CASA Seminar

Friday, November 15, 2002, 10:00 AM
ARC 231/233

Table-top Laser Driven Accelerator Research at LBNL

Wim Leemans

With the advent of high peak power ultra-short pulse laser systems, significant progress has been made on demonstrating the generation of multi-GV electric field gradients in plasmas and the trapping and acceleration of electrons in these fields to multi-MeV energies (> 100 MeV). By tightly focusing (5 - 10 micron) high power laser beams (multi-TW) into high density plasmas (> 1019 cm-3), high amounts of electrons per bunch (> 5 nC) have been accelerated in distances typically on the order of a mm, with beam divergence angles on the order of 10 mrad. However, due to the inherent lack of control in the present regime of laser wakefield acceleration experiments, beams with 100 % energy spread are produced. Despite this large "longitudinal" emittance, using high repetition rate lasers (10 Hz), nuclear activation experiments have been performed at the l’OASIS laboratory of the Center for Beam Physics, with gaseous targets, demonstrating that sufficiently high fluxes of high energy electron beams can now be produced. As a means of reducing the energy spread, experiments are underway on laser triggered electron trapping in the plasma waves through optical manipulation of plasma electrons by additional laser beams. To increase the net beam energy gain, development of optical guiding structures is being pursued to extend the acceleration distance from mm’s to cm’s. An overview will be given of the experimental system at l’OASIS lab, progress towards the controlled acceleration of electrons and applications of laser driven accelerators including coherent emission of far infrared radiation.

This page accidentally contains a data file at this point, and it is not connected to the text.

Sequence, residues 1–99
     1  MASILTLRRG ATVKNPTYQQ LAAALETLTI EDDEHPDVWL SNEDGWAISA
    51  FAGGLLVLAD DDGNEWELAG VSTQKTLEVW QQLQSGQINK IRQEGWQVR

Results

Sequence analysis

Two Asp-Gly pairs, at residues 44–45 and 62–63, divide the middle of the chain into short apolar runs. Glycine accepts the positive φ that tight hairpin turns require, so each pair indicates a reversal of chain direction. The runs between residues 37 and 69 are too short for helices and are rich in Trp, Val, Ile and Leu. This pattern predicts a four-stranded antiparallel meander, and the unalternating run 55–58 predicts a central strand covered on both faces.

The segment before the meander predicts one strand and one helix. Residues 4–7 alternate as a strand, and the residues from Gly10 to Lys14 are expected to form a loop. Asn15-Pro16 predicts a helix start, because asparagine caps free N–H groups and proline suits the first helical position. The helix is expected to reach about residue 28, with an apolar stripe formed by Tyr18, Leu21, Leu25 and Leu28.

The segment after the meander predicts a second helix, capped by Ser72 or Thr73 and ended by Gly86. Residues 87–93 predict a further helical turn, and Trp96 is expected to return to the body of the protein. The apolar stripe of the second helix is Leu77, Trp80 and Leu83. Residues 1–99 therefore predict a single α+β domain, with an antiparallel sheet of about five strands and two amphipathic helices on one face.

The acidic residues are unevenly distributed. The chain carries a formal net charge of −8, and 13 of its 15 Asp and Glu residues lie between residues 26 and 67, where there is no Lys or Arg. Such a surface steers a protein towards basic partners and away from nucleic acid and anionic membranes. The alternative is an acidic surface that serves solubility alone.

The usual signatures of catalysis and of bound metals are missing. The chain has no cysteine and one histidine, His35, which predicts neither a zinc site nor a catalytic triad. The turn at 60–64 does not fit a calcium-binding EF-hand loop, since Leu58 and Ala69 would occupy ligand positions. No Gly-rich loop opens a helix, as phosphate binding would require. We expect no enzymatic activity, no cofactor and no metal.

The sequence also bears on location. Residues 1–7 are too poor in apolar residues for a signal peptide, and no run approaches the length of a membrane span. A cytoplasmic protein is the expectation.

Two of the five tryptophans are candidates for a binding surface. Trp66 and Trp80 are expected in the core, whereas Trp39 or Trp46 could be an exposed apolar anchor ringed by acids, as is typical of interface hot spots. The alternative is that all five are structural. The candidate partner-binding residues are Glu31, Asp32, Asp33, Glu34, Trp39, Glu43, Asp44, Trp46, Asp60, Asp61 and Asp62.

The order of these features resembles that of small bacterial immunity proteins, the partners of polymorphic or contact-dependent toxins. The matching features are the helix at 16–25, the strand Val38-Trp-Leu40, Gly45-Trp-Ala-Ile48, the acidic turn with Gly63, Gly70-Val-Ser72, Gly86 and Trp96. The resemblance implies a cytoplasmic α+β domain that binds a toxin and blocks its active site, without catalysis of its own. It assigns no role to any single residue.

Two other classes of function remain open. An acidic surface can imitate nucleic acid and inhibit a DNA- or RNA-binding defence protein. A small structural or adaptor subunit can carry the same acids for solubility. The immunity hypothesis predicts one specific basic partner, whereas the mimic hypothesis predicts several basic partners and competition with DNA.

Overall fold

Talk Slides:   PowerPoint

(Coffee & Cookies before the seminar starting 9:30 AM)